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Ontario's Increased Speed Limit Pilot Finds Wide Public Support

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Ontario's Increased Speed Limit Pilot Finds Wide Public Support

80 Percent of Survey Respondents Favour Raising the Speed Limit

Ministry of Transportation

Today, the Ontario government announced that its pilot project to increase speed limits to 110km/h on three sections of 400-series highways in Southern Ontario is getting wide support.

"People are telling us loud and clear that they support a safe and moderate increase to speed limits on these highways," said Caroline Mulroney, Minister of Transportation. "The increased speed limit pilot is just one way that our government is improving our transportation network — bringing it in line with other jurisdictions to get people where they need to go when they want to get there."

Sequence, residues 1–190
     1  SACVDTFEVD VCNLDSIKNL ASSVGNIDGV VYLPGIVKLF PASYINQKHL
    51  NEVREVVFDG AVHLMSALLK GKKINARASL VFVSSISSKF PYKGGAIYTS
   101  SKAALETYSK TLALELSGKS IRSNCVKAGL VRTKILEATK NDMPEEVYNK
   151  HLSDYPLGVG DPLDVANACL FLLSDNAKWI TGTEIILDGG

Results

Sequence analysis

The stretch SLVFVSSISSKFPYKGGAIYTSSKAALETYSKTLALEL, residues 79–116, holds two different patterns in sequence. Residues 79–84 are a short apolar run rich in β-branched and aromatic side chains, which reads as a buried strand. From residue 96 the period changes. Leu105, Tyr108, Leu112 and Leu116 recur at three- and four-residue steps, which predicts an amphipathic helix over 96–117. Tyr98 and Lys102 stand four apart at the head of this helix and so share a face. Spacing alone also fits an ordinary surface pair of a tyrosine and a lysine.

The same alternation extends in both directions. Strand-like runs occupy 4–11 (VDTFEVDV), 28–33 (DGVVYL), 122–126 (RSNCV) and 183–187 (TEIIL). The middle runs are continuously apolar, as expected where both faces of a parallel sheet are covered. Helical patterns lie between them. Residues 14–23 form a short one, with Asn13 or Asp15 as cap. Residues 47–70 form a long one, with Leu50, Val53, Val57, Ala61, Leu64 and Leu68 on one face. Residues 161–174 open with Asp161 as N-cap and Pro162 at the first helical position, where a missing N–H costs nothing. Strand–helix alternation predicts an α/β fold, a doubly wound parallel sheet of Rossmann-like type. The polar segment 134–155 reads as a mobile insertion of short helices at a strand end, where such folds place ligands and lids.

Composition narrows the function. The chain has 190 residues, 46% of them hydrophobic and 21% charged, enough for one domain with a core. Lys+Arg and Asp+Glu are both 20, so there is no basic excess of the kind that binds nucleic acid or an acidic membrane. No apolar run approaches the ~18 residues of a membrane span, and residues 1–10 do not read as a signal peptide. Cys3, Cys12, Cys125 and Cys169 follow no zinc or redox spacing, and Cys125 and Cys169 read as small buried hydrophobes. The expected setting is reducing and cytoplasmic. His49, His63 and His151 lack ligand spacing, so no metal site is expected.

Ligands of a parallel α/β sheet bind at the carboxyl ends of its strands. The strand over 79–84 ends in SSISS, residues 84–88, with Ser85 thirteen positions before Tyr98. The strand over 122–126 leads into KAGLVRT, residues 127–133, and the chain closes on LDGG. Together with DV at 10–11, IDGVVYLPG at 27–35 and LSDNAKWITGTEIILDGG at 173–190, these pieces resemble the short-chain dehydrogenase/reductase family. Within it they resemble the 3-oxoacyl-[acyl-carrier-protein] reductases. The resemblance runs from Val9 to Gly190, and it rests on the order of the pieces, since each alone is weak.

More than 8,300 people responded to the survey that was launched at the same time as the pilot project in September 2019. The survey results show 80 per cent support for the government's speed limit pilot and an additional 82 per cent support for an increase to speed limits on more sections of 400-series highways.

The two-year pilot project is operational on Highway 402 from London to Sarnia (90 km); Queen Elizabeth Way (QEW) from St. Catharines/Lincoln to Hamilton (32 km); and Highway 417 from Ottawa/Gloucester to Ontario/Quebec border (102 km).

The Ministry of Transportation is also planning to announce the opening of a fourth pilot location in northern Ontario in late spring 2020.

Quick Facts

  • Increased safety messaging and updated signs ensure motorists are aware of where speed limits change.
  • The pilot sites were chosen because they required minimal to no upgrades, had an interchange spacing of 3 km or greater and could accommodate a 110 km/h speed limit.
  • There are currently six other provinces in Canada that have posted speed limits of 110 km/h or higher on certain highways.
  • Ontario’s highways are among the safest in North America and have ranked the lowest or second lowest in fatality rates among all jurisdictions for 18 consecutive years.

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